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The United States was in the heart of the Civil War 150 years ago this year.

While Maryland, a border state, was forced to remain in the Union, the dominant sentiment of Southern Maryland’s white power structure and its slave-holding economy went with the Confederacy.

By 1863, Union forces were frequent visitors in Calvert, Charles and St. Mary’s counties. That year, the Union established a military hospital and then a prisoner-of-war camp at Point Lookout, at the southern tip of St. Mary’s County.

There were recruiting stations for black troops established after July 1863 at Forrest Wharf and Leonardtown in St. Mary’s, at Benedict in Charles and at Lower Marlboro in Calvert. The U.S. War Department offered $300 for owners who turned over their slaves for recruitment.

Just as owners feared would happen with the election of Abraham Lincoln, slavery, which was established by Colonial Maryland law in 1664, was crashing down. The institution would formally end in Maryland with the third state constitution, which went into effect Nov. 1, 1864, according to the Maryland Manual, after the Emancipation Proclamation, which freed slaves in Confederate states.

Crystallizing the sentiments of the area in the presidential election of 1860, a total of eight men in Southern Maryland voted for Abraham Lincoln, one vote each in Calvert and St. Mary’s counties and six in Charles.

Slavery and forced labor had been part of daily life in the tobacco plantations of the region for almost 200 years in Maryland. Voters didn’t want to give up that system to a man they saw as a Northern abolitionist.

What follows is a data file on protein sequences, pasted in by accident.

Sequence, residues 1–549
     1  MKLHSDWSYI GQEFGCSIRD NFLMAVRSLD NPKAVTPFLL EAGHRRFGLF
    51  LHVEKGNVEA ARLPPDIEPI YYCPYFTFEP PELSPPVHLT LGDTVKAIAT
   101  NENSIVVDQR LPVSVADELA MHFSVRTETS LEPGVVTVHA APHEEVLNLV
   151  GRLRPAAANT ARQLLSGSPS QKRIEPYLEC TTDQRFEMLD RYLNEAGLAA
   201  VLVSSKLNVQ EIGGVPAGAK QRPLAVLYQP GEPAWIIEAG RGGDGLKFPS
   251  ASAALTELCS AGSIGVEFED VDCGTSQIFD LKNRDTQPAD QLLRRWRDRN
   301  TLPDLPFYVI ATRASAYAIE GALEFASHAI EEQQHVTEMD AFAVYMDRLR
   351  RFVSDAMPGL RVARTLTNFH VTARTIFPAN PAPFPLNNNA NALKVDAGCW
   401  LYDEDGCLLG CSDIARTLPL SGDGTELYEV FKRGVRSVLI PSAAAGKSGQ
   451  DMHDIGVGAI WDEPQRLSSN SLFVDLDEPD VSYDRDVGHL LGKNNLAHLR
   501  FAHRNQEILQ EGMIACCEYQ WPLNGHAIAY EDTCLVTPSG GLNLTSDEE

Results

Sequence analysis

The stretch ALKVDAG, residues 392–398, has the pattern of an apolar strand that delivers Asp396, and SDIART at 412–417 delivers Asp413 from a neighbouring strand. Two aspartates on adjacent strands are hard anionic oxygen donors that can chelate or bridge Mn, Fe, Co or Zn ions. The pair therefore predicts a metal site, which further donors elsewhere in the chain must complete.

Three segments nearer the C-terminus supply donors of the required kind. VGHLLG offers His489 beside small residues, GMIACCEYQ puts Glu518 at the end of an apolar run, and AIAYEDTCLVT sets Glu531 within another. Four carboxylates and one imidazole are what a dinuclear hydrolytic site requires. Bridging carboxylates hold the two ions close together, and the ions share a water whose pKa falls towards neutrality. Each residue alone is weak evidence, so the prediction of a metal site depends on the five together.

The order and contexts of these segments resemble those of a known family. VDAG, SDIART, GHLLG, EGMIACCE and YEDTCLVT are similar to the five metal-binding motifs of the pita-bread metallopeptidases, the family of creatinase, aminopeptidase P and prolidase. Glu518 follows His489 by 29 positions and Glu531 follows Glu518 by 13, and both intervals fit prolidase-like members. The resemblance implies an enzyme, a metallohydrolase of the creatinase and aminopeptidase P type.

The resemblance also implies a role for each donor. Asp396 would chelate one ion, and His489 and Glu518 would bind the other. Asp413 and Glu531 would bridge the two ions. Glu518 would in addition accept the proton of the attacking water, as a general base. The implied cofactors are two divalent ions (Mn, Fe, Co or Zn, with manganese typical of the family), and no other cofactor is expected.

“This was the Old South, the lifestyle, the life, the plantations, the agrarian economy,” said Brad Gottfried, president of the College of Southern Maryland, who has written eight books on the Civil War. He moved to Southern Maryland in 2006 from New Jersey.

“This was the South. There were plantations. You didn’t have many residents going north,” he said. “And there was a lot of communication between Virginia and Southern Maryland, a natural affinity.”

By 1860, there were approximately 46,000 slaves in the Southern Maryland counties and Prince George’s, Anne Arundel and Montgomery, according to the Maryland State Archives.

Cultivating tobacco doesn’t take a lot of land, but it does require a lot of labor. In the 1860 U.S. Census, there were 3,997 whites counted, 4,609 slaves and 1,841 free African-Americans in Calvert County. In Charles County, the number of whites was 5,796 to 9,653 slaves and 1,068 free African-Americans. In St. Mary’s, there were slightly more whites than slaves, 6,798 to 6,519, and 1,866 free African-Americans.